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Electrical Installation | Electrical Maintenance | Electrical Inspection & Testing
This is an overview of the electrical wiring in a typical UK home. All the circuits begin from the consumer unit.
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There are three main types of circuits:
- Ring main
- Radial circuit
- Hard wired appliance circuit
The consumer unit, commonly known as the fuse box, is the centre of a home wiring installation. It is usually mounted close to the electricity meter. A modern consumer unit as in the picture above houses modular electrical devices called circuit breakers. There are four main kinds of circuit breakers in a common household consumer unit: Main switch, MCB and RCD.
The main switch functions like a master switch that can isolate the incoming electrical power supply to the house.
After the main switch, the incoming power supply is split into several circuits such as power, lighting and appliances.
Each circuit is protected and controlled by a Miniature Circuit Breaker (MCB). When the circuit draws current above the MCB rated current, the MCB trips and turns off the power to protect the devices on that circuit.
In modern homes, consumer units are also equipped with a Residual Current Device (RCD). An RCD is a sensitive safety device that switches off the electricity when it detects a fault. It is designed to prevent electrical shocks & fire caused by earth faults. Circuits that power outdoor devices must be installed with RCD protection.
Every circuit breaker should be labelled carefully so that the circuits can be identified and isolated when work needs to be undertaken on them.
Cables that are used in home wiring are separated into three copper wires, live, neutral and earth.
The electrical current flows to electrical devices along the live wire and flows back along the neutral wire. The earth wire which is located between the live and neutral wire provides a safe escape route for leaked current from a circuit arising from an electrical fault or a poor connection.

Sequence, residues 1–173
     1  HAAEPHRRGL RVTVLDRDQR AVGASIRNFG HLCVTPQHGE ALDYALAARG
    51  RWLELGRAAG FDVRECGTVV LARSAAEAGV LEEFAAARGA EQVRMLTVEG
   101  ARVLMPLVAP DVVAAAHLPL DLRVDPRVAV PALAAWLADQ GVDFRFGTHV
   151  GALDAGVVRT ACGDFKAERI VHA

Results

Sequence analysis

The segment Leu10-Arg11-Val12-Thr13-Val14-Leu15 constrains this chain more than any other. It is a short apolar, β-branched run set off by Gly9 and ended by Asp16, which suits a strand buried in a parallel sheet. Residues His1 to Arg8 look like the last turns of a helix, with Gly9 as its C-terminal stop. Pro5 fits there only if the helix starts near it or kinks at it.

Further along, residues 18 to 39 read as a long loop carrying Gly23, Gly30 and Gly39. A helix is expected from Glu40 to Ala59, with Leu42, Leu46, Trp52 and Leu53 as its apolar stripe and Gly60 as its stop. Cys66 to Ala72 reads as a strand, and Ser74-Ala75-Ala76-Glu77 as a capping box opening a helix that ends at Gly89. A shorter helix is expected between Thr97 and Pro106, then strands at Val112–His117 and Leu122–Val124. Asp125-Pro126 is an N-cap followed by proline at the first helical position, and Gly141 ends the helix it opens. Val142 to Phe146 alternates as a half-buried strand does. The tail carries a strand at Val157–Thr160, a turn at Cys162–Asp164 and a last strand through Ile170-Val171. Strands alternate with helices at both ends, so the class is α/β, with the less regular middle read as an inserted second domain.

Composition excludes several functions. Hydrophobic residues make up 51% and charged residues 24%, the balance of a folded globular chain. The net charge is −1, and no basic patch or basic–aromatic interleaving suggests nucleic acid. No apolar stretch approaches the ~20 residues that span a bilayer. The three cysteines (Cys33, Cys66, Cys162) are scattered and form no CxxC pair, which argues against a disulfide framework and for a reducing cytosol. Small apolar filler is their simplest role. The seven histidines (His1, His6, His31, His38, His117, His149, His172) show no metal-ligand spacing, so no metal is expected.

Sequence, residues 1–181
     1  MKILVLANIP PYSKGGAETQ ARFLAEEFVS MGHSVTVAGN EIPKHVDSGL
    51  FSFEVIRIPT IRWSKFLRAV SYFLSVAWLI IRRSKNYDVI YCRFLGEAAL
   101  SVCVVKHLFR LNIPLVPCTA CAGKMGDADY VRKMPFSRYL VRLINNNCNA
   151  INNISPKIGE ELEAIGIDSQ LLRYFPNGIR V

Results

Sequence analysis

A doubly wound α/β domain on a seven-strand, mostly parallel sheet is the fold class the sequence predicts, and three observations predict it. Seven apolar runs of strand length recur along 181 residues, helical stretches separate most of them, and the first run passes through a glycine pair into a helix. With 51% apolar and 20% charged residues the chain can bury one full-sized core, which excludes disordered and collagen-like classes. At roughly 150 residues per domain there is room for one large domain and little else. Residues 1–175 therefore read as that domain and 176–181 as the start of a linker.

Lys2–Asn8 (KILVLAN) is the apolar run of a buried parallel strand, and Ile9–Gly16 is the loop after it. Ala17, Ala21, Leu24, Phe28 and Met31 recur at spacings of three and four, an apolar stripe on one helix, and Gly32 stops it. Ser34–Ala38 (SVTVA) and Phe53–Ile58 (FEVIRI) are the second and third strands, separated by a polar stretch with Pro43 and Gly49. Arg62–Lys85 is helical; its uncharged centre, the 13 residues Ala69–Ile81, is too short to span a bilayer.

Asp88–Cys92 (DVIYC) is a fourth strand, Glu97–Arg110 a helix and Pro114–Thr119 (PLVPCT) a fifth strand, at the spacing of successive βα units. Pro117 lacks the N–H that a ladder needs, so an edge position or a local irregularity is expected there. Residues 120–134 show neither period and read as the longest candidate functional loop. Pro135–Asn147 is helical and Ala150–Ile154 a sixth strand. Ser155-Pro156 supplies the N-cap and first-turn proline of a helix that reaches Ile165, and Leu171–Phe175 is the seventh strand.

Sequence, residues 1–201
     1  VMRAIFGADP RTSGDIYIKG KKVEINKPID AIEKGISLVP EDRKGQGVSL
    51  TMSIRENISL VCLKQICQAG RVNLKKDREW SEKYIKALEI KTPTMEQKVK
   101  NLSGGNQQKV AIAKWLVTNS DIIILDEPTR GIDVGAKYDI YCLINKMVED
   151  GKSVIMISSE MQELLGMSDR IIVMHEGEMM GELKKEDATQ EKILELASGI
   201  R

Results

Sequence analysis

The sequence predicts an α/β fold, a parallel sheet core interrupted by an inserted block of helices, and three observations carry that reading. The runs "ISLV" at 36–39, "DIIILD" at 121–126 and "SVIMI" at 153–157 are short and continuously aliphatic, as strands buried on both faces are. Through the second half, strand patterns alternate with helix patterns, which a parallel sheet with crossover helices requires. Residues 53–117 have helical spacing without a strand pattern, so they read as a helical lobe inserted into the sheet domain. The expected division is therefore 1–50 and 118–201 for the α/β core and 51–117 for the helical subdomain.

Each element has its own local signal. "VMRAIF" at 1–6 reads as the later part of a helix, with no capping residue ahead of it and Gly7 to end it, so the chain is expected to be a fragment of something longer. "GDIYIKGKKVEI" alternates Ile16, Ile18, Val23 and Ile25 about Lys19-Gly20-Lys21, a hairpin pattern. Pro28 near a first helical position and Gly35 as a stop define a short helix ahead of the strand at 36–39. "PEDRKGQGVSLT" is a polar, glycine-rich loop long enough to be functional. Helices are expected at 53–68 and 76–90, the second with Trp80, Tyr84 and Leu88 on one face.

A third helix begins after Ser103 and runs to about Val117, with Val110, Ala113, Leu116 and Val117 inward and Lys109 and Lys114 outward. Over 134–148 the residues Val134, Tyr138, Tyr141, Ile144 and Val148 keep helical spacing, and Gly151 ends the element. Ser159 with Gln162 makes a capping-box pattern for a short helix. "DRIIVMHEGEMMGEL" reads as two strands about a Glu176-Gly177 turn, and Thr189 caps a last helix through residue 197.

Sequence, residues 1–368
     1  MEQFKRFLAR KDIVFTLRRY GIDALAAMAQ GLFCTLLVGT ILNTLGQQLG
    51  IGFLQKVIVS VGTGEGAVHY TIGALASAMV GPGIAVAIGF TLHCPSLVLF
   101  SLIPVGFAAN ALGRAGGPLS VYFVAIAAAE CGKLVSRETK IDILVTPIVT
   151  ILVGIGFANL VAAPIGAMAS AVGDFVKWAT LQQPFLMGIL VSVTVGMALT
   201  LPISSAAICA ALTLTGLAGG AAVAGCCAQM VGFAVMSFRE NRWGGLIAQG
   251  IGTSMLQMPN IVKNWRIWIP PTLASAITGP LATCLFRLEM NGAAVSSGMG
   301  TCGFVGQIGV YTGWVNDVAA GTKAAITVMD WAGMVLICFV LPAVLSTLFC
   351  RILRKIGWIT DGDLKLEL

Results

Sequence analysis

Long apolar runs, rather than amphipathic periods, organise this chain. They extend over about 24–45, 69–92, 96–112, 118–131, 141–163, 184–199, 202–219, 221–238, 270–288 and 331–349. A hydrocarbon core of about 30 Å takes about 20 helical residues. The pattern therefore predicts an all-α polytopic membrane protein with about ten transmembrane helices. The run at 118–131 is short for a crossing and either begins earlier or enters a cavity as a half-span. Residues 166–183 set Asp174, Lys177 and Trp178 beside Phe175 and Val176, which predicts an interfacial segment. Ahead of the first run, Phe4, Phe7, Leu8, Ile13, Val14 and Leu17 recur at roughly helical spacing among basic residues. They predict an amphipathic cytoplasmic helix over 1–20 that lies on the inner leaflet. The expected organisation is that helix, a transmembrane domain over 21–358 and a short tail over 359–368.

With the progression of wiring standards over the years, there are several electrical wiring colour codes used in UK homes. The colour coding for the current wiring standard is highlighted above. Brown for Live, Blue for Neutral and Green/Yellow for the Earth. This colour coding was implemented in the 2006 Amendment 2 of 17th Edition BS7671 to harmonise the UK & Europe wiring colours to maintain consistency & avoid confusion.
It is important that any electrical wiring is done in accordance with the BS7671 Wiring Regulations. To ensure safety, it is important to make sure the wiring is in good condition. The average lifespan of wiring is around 30-40 years and the general condition deteriorates over time.
Some properties in the UK still have wiring with the old colour coding. This is a sign that the wiring is quite old and should be tested or updated.
A radial circuit is a single cable run from a consumer unit circuit breaker to several electrical devices and it terminates at the last device.
The current rating of a radial circuit limits the area the circuit can supply. For example, a 20A radial circuit can supply up to 50 square metres and a 32A radial circuit can supply up to 100 square metres.
A ring main circuit starts from the consumer unit, connects to several electrical devices (typically sockets) and then returns to the consumer unit. Electrical current can flow from either end of the ring.
This increases the current carrying capacity without increasing the wiring size. The ring main is typically 32A in rating which allows it to power an area of 100 square metres.
Electrical Wiring Spur